||July/August 2003 issue||
Battling the dragon
On the attack with Canada's elite boreal firefighters
By Michael Clugston with photography by Todd Korol
"GRAB A HELICOPTER WITH A HELITORCH," says the voice on the phone.
"Head north. Fast!" That's all the instruction Kelly Sawchuk needs.
He hangs up, steps quickly out thedoor, hails a pilot and jogs with him to
a chopper in the yard at the fire base in Weyakwin in central Saskatchewan.
Moments later, the pair is lifting above a sea of spruce and pine.
As a veteran firefighter, Sawchuk knows that some forest fires take
off like hopped-up sprinters, that a lightning strike out of a high-wind
sky after weeks of drought in the boreal forest is like dropping
a match into a streak of gas on pavement. Wind-driven blazes can
leap across lakes and defy any attempt at control. The trick is
to nail them while they're still small.
"We saw the fire as soon as we got above the trees. You couldn't
miss it," says Sawchuk. Sparked by lightning and catapulted
by furious south winds into the parched tree crowns three kilometres
from Weyakwin, the fire is growing in mass and momentum, an instant
inferno barrelling to the north. "It was an amazing fire, going
flat out. It had to be doing 80 kilometres an hour, and we could
hardly catch it. A helicopter can't fly very quickly with a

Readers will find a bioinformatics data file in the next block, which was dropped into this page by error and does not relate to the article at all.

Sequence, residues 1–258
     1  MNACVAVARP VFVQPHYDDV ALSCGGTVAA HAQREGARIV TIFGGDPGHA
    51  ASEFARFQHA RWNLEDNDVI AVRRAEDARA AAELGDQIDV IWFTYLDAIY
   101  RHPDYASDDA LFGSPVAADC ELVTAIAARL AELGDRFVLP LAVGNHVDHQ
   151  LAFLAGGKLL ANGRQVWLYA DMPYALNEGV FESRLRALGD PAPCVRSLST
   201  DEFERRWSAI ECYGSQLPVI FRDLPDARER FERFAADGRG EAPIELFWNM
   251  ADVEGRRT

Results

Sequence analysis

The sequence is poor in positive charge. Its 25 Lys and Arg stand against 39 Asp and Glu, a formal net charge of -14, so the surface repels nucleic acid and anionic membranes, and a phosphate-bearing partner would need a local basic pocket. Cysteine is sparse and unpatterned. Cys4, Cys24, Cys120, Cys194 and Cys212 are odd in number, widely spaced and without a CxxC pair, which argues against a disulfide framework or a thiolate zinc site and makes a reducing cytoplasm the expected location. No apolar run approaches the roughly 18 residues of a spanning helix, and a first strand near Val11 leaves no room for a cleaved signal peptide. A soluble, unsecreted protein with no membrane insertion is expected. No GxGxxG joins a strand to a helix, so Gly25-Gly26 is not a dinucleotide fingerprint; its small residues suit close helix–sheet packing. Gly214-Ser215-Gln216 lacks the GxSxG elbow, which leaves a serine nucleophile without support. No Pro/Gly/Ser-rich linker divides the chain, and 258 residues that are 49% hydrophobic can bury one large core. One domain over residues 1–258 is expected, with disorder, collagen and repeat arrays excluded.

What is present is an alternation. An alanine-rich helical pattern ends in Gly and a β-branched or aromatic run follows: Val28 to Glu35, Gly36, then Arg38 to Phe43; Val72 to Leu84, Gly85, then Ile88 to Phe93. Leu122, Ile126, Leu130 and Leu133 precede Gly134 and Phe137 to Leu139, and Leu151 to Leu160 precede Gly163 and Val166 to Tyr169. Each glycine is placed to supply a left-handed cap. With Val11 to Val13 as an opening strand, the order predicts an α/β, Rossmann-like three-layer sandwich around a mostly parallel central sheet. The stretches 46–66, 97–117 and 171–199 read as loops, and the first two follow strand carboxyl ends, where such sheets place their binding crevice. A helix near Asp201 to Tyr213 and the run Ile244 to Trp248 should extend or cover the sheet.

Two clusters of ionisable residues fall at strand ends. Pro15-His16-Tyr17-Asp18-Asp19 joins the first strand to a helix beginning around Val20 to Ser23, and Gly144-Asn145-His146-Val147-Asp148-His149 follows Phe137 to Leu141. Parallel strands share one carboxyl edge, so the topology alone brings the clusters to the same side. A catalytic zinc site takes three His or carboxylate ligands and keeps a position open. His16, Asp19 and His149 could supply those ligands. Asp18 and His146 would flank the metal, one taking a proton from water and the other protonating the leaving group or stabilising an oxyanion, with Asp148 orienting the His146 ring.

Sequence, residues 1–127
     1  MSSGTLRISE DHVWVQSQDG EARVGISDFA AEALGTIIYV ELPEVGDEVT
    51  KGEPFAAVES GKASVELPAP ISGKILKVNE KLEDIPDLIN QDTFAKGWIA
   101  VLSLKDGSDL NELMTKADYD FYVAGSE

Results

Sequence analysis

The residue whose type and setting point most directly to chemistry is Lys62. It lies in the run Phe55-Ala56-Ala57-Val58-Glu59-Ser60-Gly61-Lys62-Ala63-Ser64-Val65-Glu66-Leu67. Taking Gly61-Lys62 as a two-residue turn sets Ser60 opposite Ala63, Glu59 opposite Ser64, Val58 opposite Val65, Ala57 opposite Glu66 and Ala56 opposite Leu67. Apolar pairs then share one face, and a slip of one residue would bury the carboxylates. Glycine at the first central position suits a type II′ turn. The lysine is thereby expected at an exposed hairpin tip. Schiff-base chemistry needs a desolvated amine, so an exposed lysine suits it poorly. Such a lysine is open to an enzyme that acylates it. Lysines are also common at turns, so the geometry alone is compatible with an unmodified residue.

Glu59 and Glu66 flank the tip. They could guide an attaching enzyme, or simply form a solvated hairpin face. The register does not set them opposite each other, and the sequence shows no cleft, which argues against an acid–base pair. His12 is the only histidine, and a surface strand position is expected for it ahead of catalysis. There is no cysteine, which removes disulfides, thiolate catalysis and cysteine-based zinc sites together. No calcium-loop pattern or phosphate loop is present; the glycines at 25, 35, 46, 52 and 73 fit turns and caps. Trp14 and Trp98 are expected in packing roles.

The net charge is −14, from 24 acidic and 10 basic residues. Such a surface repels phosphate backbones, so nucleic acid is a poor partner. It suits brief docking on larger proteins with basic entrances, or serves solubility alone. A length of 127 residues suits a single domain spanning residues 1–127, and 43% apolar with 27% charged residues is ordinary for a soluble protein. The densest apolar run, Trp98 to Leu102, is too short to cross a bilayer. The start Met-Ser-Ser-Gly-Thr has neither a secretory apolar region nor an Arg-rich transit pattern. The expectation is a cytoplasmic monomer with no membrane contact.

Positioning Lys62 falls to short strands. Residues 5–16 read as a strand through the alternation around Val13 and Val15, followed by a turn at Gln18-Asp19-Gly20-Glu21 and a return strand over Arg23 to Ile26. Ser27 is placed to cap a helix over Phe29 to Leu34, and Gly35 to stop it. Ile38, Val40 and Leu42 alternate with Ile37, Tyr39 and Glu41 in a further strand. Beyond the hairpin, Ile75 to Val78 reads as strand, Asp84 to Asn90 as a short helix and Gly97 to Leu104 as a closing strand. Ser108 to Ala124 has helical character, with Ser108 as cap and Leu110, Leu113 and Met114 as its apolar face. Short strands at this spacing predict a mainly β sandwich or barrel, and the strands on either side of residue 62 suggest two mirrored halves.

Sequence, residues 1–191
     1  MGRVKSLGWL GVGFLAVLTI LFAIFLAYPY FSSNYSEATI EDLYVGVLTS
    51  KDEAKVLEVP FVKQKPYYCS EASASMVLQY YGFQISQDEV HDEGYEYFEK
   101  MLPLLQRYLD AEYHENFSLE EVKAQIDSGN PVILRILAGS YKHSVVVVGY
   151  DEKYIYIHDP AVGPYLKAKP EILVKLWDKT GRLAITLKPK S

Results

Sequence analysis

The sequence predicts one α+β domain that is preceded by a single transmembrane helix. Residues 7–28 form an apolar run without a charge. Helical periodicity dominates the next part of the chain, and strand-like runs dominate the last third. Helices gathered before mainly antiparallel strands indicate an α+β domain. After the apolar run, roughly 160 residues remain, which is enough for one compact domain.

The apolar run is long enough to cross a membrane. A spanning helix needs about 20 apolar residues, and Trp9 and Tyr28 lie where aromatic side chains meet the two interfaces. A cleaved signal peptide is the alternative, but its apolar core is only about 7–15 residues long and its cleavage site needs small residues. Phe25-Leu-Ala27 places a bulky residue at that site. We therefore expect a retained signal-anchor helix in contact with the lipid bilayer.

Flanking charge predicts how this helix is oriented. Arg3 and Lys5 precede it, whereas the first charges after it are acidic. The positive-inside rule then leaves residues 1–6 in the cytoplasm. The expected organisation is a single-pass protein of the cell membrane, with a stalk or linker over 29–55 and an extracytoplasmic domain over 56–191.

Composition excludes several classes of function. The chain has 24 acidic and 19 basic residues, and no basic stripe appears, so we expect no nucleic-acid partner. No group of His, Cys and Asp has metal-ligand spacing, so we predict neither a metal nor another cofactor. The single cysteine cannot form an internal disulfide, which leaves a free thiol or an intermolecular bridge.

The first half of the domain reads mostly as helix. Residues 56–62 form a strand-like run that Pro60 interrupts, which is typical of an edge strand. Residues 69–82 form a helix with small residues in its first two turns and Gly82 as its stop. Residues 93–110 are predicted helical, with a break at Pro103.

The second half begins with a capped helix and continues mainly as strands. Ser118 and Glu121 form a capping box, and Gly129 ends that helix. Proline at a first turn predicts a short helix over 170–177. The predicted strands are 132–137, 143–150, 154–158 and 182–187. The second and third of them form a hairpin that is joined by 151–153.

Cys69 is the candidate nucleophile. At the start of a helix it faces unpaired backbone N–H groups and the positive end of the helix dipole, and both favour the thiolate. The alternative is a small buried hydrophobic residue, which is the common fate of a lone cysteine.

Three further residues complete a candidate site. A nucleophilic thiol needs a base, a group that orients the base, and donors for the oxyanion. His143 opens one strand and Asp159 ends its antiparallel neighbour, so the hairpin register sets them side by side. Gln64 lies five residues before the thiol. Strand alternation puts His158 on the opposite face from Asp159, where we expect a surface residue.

Slung beneath the chopper on five-metre cables is a 205-litre drum
packed with jellied fuel and linked by hose to a custom-designed
burner nozzle. The helitorch is used to fight fires with fire, to set
backfires that can slow or redirect a speeding forest blaze away
from buildings or timber tracts in its path.
The Dragon fire, as it was dubbed by firefighters for its sudden, furious
character, is rushing at a cluster of 400 cottages on the shore
of Weyakwin Lake. It threatens to leap the only road into the subdivision,
burn out the power lines, and spread into a large forest. People
stream out of their houses, eyes fixed on the ominous pall of smoke.
Sawchuk goes in alone because all the other helicopters are busy
on different blazes. Water bombers may or may not arrive in time
to help him. His approach is deliberate: he scans the forest for
a target, a tactician looking for an opening. He is well trained
in the science of predicting fire behaviour, in the burn patterns
of different tree species, in the telltale colours of foliage at
different moisture levels. Now he needs a natural barrier to work
with. A stream or swamp would be nice. He spots a small piece of
muskeg — it'll have to do. Quick words are exchanged,
and the pilot dips the chopper beneath the smoke, flying directly
ahead of the onrushing fire.
Michael Clugston is a former Canadian Geographic senior
editor now living in Hong Kong. Photographer Todd Korol lives in
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• In Depth: Canada's burning bush